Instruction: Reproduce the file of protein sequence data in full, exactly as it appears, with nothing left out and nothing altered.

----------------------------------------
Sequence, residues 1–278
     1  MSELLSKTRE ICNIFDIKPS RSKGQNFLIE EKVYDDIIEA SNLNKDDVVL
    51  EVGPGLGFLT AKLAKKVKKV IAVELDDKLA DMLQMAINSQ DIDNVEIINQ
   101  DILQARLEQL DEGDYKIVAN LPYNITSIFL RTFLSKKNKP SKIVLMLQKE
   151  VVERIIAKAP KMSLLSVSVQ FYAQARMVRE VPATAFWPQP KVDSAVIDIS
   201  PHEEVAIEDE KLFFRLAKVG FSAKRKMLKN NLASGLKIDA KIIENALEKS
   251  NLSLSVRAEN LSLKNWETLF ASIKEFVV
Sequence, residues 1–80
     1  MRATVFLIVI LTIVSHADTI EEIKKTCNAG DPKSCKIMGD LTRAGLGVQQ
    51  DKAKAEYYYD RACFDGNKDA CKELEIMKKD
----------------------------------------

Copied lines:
Sequence, residues 1–278
     1  MSELLSKTRE ICNIFDIKPS RSKGQNFLIE EKVYDDIIEA SNLNKDDVVL
    51  EVGPGLGFLT AKLAKKVKKV IAVELDDKLA DMLQMAINSQ DIDNVEIINQ
   101  DILQARLEQL DEGDYKIVAN LPYNITSIFL RTFLSKKNKP SKIVLMLQKE
   151  VVERIIAKAP KMSLLSVSVQ FYAQARMVRE VPATAFWPQP KVDSAVIDIS
   201  PHEEVAIEDE KLFFRLAKVG FSAKRKMLKN NLASGLKIDA KIIENALEKS
   251  NLSLSVRAEN LSLKNWETLF ASIKEFVV
Sequence, residues 1–80
     1  MRATVFLIVI LTIVSHADTI EEIKKTCNAG DPKSCKIMGD LTRAGLGVQQ
    51  DKAKAEYYYD RACFDGNKDA CKELEIMKKD